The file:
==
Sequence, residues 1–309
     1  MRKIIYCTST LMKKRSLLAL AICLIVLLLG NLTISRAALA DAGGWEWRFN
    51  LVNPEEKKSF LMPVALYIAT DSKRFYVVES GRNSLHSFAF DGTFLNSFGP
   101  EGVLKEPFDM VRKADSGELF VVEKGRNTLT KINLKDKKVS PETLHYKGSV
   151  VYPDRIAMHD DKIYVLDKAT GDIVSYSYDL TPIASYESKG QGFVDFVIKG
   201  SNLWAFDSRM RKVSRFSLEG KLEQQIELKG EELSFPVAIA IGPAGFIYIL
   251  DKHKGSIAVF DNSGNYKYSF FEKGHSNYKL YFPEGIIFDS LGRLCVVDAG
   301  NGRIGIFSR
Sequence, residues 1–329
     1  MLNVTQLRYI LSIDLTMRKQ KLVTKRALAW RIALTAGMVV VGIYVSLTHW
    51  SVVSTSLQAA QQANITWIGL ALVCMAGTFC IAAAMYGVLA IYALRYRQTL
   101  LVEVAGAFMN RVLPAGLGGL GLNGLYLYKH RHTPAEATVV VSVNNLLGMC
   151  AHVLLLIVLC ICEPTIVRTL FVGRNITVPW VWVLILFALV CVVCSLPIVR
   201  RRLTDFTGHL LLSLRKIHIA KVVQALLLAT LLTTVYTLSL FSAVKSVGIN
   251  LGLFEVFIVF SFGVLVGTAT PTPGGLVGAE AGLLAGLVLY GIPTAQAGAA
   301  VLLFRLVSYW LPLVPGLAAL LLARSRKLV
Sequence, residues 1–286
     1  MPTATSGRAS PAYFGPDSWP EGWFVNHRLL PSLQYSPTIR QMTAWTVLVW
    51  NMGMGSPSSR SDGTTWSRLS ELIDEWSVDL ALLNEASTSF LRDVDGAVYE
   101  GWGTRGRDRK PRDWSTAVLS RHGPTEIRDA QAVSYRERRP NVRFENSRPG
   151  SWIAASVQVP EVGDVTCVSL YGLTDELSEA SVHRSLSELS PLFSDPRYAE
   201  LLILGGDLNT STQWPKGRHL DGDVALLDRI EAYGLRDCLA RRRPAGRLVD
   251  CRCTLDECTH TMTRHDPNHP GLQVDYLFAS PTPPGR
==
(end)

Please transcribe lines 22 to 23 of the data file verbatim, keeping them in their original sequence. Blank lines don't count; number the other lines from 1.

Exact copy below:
   201  LLILGGDLNT STQWPKGRHL DGDVALLDRI EAYGLRDCLA RRRPAGRLVD
   251  CRCTLDECTH TMTRHDPNHP GLQVDYLFAS PTPPGR